Powerful currents and muddy brown water hampered Indonesian divers trying Saturday to reach victims of a crashed jetliner at the bottom of a fast-flowing river on Sumatra island.
Rescuers said most of the 104 people aboard SilkAir Flight MI-185 likely were still strapped into their seats and the plane’s nose was embedded in thick mud.
“Everybody is dead. Most of them are still inside the plane,” said police Sgt. Ganep Nasir.
The Boeing 737-300 crashed into the Musi River on Friday, halfway through a flight from Jakarta to Singapore.
Divers groped their way through the opaque water to locate the wreckage, but Police Sgt. Husen Achmad said they were having trouble opening the doors of the plane.
Welding tools were being brought in to help pry the doors loose, and divers said they intended to cut their way into the jet today.
Indonesian officials also said they hope to use a floating crane to hoist the mostly intact fuselage from the river, which monsoon rains have swollen to 500 yards wide.
Two SilkAir flights Saturday ferried 200 relatives of the passengers to Palembang, 35 miles south of the crash site.
Dozens of them hired speedboats to watch a flotilla of Indonesian police and navy boats scour a 10-square-mile area of river and swamp for debris and human remains.
An Indonesian woman who flew there with her husband from Jakarta said she lost three relatives.
“I can’t believe they’re dead,” she said. “Four days ago, we celebrated my sister-in-law’s birthday. And now they are gone.”
Helicopters flying overhead dropped divers into the water. Nearby villagers watched the search from longboats.
Rescuers cast a net over the plane to prevent debris from drifting away. Investigators pored over pieces of the plane’s shattered tail and examined items such as clothing and a yellow life jacket for clues to why the plane crashed.
A twisted piece of orange metal was found and, although it was the same color as the missing flight recorders, investigators would not speculate on what it was.
Indonesian Transport Minister Haryanto Dhanutirto refused to comment on reports the plane exploded. Police quoted witnesses as saying the plane exploded twice in the air and again when it hit the water.
Residents of Makarti Jaya, a village a half-mile from the crash site, said the plane went down at high tide and there were concerns that some bodies were swept away, the official Antara news agency reported.
Villager Ahmad Hasan said he heard the explosions.
“It came in very low,” he said. “It was going down. It exploded in the air, and then a few seconds later it exploded again when it hit the water.”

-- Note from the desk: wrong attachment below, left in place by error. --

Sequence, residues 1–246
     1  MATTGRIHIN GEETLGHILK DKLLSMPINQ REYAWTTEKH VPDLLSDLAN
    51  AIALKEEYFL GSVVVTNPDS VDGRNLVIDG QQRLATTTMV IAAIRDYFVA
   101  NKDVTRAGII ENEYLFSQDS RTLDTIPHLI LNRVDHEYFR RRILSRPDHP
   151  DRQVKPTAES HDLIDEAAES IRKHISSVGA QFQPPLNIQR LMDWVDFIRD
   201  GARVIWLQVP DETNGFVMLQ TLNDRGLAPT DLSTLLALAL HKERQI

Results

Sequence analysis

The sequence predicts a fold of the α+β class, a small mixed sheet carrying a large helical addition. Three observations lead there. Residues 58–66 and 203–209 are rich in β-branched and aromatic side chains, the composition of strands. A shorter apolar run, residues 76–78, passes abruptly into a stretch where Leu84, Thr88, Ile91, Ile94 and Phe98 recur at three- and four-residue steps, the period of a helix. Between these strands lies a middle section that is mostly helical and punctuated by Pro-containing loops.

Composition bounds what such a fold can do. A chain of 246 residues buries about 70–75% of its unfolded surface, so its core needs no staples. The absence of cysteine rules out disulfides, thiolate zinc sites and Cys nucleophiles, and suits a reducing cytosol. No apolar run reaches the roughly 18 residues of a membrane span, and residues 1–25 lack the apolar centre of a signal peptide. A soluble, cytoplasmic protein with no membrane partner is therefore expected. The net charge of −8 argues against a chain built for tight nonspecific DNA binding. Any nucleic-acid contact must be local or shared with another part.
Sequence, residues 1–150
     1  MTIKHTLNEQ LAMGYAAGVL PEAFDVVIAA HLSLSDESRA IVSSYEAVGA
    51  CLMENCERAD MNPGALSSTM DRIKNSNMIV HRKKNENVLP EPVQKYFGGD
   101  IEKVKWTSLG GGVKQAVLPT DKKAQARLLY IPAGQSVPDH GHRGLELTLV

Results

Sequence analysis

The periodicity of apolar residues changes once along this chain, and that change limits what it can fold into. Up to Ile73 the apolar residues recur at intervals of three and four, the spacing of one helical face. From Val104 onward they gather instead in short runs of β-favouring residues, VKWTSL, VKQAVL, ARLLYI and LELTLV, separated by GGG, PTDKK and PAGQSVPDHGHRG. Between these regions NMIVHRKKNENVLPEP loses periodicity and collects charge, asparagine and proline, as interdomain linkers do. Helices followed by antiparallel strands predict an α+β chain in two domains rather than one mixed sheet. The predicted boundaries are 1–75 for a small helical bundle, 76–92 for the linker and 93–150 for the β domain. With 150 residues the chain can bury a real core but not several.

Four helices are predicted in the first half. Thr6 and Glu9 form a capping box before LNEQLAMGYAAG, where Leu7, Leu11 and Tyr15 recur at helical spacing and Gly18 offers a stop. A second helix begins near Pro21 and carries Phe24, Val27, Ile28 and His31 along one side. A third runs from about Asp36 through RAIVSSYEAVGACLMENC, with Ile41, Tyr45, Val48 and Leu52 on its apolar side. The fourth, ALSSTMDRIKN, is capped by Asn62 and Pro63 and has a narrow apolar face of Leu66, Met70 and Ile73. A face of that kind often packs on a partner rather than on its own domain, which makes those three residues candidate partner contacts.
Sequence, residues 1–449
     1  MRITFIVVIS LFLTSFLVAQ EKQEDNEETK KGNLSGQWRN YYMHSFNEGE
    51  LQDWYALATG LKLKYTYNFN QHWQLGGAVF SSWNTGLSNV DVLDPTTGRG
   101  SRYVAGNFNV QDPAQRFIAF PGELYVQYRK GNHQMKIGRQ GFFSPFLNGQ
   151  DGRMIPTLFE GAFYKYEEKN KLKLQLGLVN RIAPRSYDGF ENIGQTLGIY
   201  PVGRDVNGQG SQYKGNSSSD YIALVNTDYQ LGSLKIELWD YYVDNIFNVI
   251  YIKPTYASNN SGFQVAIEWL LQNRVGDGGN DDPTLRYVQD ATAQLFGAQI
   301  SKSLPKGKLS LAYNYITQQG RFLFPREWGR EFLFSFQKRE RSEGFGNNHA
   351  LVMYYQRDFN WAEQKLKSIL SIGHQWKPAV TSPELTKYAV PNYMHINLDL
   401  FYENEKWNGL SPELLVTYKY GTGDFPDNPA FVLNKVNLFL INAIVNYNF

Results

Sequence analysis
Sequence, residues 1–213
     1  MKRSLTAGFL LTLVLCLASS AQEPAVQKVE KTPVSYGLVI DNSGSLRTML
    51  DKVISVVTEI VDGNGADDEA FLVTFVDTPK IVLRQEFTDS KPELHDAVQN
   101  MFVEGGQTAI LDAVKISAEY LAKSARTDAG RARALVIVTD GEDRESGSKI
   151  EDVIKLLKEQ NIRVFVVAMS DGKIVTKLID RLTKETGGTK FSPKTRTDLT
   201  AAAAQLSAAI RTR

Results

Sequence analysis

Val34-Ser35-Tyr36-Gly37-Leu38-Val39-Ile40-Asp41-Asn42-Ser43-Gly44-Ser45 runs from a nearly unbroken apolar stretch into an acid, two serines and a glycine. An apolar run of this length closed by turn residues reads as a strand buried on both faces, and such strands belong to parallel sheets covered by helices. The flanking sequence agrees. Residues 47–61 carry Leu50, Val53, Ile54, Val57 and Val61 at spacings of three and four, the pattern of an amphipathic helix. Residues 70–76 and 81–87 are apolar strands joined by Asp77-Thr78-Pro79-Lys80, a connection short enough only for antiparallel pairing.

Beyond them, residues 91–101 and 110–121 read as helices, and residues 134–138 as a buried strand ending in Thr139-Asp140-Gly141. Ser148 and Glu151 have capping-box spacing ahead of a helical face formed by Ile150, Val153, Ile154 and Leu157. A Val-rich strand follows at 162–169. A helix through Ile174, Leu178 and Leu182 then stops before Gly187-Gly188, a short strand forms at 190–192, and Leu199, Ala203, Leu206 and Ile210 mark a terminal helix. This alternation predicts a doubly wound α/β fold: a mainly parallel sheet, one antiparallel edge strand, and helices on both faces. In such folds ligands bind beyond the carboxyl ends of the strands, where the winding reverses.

It was not known whether the plane tried to make an emergency landing.
“There were no distress signals. There were no adverse weather conditions. There was no mountainous terrain. It is obviously very puzzling,” said Mah Bow Tan, Singapore’s communications minister.
SilkAir, a division of Singapore Airlines, said the plane was carrying 97 passengers, including 40 Singaporeans, 23 Indonesians, 10 Malaysians, five Americans and 14 Europeans.
The airline identified the Americans as Richard Dalrymple, Berenice Oey, Jonathan Oey, Susan Picariello and Kathryn Worth. No hometowns were provided. Singapore’s The New Paper said Dalrymple’s mother lives in San Diego and Worth’s employer said the 36-year-old lawyer was born in Fremont, Calif.
The airline said the plane’s captain was a veteran who had logged 6,900 hours of flying time.
The National Transportation Safety Board sent an investigating team to the crash site, as did Boeing, the airplane’s manufacturer.
SilkAir said the plane was 10 months old and was the newest aircraft in its fleet.
The carrier was formed in 1975 as the holiday operator arm of Singapore Airlines.
The crash was the second commercial jetliner disaster on Sumatra in three months. On Sept. 26, an Indonesian-owned Garuda Airbus A-300 crashed into a jungle slope and exploded in north Sumatra, killing all 234 aboard.
The cause is being investigated, but reports indicated there was confusion between the pilot and an air traffic controller. Poor visibility from a smoky haze covering Southeast Asia also may have been a factor. The haze has since dissipated.
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